He could move to a single-floor apartment or an assisted living facility, but like most older people, he wants to stay put. “I have a lot of good memories here,” he said.
So he turned to Mr. MacNeill, a longtime contractor in nearby Pine Brook. In 2014, Mr. MacNeill took a three-day course through the National Association of Home Builders to become a Certified Aging in Place Specialist, or CAPS.
Older people have the highest rate of homeownership in the country — about 80 percent, according to a 2016 report by the Joint Center for Housing Studies at Harvard. The great majority live in single-family homes, most of them poorly suited for the disabilities common in later life.
The center has looked at three of the most important accessibility features that allow people to move safely around their living spaces: entrances without steps, single-floor living, and wide hallways and doorways that can accommodate wheelchairs.
“Less than 4 percent of the U.S. housing stock has all three of those,” said Jennifer Molinsky, a senior research associate at the center.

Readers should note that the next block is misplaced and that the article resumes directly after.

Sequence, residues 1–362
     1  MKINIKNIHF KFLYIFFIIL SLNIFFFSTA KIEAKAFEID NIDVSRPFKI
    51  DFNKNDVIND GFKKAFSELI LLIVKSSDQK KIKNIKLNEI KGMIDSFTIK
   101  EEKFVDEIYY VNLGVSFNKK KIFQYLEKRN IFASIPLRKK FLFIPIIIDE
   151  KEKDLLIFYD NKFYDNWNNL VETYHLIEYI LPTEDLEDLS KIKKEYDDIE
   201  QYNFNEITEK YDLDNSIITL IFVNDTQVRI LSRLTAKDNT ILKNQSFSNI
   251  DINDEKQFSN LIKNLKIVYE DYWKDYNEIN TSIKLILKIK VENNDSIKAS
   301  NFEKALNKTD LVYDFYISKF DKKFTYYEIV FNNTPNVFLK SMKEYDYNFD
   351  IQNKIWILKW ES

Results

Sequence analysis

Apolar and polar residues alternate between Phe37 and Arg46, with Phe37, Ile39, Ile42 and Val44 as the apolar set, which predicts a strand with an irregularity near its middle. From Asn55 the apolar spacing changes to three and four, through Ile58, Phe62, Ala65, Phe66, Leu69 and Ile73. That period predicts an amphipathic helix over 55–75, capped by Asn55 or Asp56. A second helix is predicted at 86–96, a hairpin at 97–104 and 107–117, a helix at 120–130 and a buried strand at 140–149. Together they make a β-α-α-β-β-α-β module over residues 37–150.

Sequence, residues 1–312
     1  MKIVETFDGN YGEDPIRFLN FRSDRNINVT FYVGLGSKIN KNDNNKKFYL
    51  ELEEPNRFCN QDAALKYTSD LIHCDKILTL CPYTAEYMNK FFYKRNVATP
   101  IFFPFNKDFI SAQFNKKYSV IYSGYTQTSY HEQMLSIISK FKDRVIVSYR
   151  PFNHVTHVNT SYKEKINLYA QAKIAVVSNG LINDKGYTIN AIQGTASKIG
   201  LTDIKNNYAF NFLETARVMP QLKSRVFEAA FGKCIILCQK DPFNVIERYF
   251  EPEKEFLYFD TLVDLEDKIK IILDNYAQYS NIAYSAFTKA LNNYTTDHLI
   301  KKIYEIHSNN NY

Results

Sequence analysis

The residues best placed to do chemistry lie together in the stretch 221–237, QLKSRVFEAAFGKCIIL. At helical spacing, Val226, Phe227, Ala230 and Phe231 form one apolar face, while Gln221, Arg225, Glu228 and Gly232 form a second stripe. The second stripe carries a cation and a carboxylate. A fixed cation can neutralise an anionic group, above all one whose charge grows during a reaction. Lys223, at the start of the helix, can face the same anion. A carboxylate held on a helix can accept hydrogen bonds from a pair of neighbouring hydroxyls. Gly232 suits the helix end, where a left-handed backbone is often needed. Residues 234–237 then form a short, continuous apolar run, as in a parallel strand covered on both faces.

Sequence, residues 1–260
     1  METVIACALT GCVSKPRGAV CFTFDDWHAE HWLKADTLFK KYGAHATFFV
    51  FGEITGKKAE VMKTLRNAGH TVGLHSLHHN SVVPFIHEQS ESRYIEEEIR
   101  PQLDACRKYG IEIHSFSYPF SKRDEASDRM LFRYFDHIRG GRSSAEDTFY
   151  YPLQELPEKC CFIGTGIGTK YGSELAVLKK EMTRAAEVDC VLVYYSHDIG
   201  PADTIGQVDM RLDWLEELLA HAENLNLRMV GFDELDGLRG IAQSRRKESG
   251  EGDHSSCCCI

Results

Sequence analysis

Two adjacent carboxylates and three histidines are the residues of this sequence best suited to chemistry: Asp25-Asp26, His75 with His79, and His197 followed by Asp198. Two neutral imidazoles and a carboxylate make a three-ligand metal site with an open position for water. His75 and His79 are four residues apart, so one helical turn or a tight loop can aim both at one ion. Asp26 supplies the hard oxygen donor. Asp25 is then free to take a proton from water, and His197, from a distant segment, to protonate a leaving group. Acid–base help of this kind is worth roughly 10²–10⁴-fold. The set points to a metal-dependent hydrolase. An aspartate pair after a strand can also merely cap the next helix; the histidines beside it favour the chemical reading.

Add two more important elements for aging in place — doors with lever handles, and light switches and electrical outlets that can be reached from a wheelchair — and the proportion drops to 1 percent.
You’ll often hear older people vow that they won’t leave their homes except “feet first.” Without modifications, however, the design of most older Americans’ homes could eventually thwart their owners’ desire to stay in them.
Solving that problem, individually or collectively, means confronting certain obstacles.
About 3,500 CAPS graduates across the country — builders and remodelers, occupational therapists, interior designers — retrofit homes to help people remain in them safely, said Dan Bawden, a Houston contractor who helped…